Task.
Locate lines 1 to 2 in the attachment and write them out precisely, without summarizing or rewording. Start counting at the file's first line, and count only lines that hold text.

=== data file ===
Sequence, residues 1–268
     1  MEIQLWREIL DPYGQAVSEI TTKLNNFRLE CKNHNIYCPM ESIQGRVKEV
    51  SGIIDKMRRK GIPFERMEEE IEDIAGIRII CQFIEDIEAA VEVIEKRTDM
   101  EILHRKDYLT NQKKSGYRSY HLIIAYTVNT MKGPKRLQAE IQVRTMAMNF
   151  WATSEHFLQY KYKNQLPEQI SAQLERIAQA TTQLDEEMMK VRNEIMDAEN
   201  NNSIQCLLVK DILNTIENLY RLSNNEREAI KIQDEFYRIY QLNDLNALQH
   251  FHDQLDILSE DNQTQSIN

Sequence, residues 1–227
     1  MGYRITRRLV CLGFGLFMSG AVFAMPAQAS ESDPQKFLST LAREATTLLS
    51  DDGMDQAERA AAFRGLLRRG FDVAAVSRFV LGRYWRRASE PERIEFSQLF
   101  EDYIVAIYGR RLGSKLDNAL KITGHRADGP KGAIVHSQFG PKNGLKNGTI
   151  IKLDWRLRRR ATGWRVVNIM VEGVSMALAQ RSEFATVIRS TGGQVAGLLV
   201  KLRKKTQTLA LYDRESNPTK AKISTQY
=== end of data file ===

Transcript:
Sequence, residues 1–268
     1  MEIQLWREIL DPYGQAVSEI TTKLNNFRLE CKNHNIYCPM ESIQGRVKEV